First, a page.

The danger in never-ending lesson planning is that progress is eventually measured based on motion. A merry-go-round makes progress, but it is always moving in the same direction. Far too often, educators make the mistake of focusing on the written curriculum, the taught curriculum, and the assessed curriculum. Failure to reflect on the understood curriculum can result in prematurely moving to the next topic because a certain unit needs to be finished by the end of the month. According to Glatthorn (1987), “One of the tasks of curriculum leadership, obviously, is to use the right methods to bring the written, the taught, the supported, and the tested curriculums into closer alignment, so that the learned curriculum is maximized.”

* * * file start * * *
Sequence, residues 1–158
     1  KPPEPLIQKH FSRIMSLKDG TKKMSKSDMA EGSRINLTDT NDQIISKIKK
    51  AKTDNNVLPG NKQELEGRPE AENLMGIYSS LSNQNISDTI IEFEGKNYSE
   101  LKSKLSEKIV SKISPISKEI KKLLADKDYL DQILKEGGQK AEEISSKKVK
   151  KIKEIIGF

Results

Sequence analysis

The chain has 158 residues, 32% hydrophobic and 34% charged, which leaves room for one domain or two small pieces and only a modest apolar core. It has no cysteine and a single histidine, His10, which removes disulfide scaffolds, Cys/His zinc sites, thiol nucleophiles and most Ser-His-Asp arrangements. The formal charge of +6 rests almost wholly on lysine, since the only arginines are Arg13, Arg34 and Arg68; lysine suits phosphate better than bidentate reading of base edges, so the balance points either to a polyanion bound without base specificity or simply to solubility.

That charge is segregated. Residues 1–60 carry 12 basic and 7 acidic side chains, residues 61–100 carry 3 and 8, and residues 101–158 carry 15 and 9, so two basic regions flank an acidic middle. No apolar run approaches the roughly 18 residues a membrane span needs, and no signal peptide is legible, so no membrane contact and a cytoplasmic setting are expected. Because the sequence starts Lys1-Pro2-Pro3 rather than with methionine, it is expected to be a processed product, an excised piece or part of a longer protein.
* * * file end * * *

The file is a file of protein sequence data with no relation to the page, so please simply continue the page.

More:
Teacher teams spend time writing lesson plans, designing quality assessments, and discussing vertical alignment. In some schools, time is rarely spent reflecting on the understood curriculum. Grades are assigned and we move to the next unit. Fisher and Frey (2007) outline four key questions for reflection before and after a unit:
1. Do I know what misconceptions or naïve assumptions my students possess?
2. How do I know what they understand?
3. What evidence will I accept for this understanding?
4. How will I use their understanding to plan future instruction?
(Fisher & Frey, 2007, p. 14)
5. How will we celebrate small wins?